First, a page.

SALT: Can you tell us a bit about your family legacy in retail and fashion and what it was like to grow up surrounded by those influences?
MA: We have a long family history that is rooted in retail…and loving and shopping for clothing is truly a part of our DNA. My grandmother owned and operated retail businesses and I was always inspired by her. I think I just channeled all of that knowledge from being surround by the industry and the lessons that I learned became part of how I operated my retail business ventures. But on the most basic of levels, I am a child of the 80s! It was a wild time for fashion (especially in Vegas!) and I just really absorbed it all—clearly, I love big accessories and don’t shy away from color or pattern.
SALT: You owned super popular/respected retail shops in LA during a kind of fashion heyday there, when the city’s emerging designers began to command a lot of respect. How has LA’s place in the fashion world changed over time? What is LA style?
MA: It really was the heyday, wasn’t it? It was before social media so all we had were celebs strolling the streets and being mobbed by paparazzi. It was outrageous!! We would all wait for the weeklies to come out and see if Beckley (my store) was caught in the frames. It seems so innocent looking back on it. I think that LA has always had a certain fashion feel and influence. It’s partly the weather, it’s partly the laid-back lifestyle, and just the general unfussiness of it all. People prioritize comfort here as well kind of clothing can move with them. People are active! They are walking, running, hiking, going to the beach—they generally want easy things during the daytime and something more pulled together at night. Style has definitely shifted since the bandage dress days of the early aughts, but the constant is that local LA designers and even designers that have fled here from NY, find inspiration in the city and cultivate their lines to reflect that.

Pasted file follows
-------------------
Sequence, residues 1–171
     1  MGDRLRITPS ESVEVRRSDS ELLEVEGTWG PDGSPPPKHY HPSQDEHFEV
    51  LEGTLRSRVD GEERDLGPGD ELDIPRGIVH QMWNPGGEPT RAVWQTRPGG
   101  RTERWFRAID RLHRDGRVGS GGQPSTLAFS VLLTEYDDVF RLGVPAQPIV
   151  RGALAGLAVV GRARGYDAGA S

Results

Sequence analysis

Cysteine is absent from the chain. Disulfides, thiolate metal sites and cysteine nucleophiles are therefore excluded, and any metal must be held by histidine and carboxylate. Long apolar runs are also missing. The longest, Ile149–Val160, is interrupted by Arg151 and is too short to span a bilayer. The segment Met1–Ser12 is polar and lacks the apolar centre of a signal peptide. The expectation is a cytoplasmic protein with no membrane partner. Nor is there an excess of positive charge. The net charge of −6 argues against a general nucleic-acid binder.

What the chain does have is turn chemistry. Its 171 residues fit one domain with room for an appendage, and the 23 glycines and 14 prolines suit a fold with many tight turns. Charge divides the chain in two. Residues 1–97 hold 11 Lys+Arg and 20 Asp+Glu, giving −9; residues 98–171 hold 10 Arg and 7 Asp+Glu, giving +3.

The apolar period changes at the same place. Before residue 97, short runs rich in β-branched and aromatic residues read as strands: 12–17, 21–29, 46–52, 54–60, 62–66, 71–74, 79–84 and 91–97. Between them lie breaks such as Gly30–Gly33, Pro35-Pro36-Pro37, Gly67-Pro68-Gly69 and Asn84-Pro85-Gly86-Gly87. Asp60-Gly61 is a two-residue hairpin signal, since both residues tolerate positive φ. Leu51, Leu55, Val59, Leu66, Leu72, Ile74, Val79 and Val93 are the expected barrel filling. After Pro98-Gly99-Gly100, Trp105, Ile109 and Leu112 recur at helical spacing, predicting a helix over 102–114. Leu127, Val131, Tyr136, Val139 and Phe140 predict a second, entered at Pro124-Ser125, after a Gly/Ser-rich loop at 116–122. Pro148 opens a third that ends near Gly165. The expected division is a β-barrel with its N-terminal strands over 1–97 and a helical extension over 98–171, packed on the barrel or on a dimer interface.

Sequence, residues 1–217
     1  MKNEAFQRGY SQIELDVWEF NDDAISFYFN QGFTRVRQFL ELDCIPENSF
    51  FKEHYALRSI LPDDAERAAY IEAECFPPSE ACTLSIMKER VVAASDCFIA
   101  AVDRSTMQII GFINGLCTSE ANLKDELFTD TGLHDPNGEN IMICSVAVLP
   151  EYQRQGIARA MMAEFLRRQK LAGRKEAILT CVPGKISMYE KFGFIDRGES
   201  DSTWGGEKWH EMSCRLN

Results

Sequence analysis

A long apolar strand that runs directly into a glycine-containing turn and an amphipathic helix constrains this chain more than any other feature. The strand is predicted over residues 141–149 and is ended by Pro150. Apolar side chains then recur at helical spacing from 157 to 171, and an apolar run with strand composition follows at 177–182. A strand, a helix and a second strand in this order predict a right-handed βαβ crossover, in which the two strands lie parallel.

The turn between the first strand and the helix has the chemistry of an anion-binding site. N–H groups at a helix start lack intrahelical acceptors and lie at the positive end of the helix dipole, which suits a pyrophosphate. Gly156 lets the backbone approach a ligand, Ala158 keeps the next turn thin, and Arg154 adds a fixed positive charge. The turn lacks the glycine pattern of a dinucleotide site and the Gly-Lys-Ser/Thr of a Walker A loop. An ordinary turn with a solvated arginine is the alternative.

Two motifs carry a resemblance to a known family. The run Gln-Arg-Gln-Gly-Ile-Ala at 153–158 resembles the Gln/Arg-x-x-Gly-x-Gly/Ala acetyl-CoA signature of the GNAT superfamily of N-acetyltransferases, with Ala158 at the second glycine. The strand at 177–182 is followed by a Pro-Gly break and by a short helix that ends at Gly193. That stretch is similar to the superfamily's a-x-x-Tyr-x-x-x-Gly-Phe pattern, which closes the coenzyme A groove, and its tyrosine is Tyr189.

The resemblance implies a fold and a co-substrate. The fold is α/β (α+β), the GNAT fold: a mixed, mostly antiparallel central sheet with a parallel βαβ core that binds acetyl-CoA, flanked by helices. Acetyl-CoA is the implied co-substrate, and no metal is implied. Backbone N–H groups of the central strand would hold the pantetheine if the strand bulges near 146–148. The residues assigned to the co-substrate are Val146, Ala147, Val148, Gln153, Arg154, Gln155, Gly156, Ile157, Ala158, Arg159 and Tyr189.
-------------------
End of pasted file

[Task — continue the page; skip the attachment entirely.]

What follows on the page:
SALT: You launched The Particulars specifically with accessories in mind. Obviously, accessories are near and dear to our hearts. What made you decide to focus that way?
MA: Accessories hold so many memories for us. They are the most personal things that we put on or keep on every day…especially jewelry. I like to think of accessories as talismans, little symbols that we can wear that give us calm or strength or love. Plus, accessories are the easiest way to change and amp up a look. You can look totally plain but then throw on an amazing pair of sunglasses, bag, a SALT strap, or shoes and really make the grade. It does not always have to be designer, it does not always have to be expensive, it just has to suit YOU.
SALT: How have you noticed style and fashion interests shifting since this pandemic started?
MA: Well, I don’t think I have to state the obvious, but I think that people are caring about and craving comfort these days. They want to feel insulated and cozy, that was definitely the mood at the beginning. But as summer has been here, people have come out of their cocoons a bit more and perhaps thrown on a dress or a bit of makeup to venture out. Just to feel a sense of normalcy.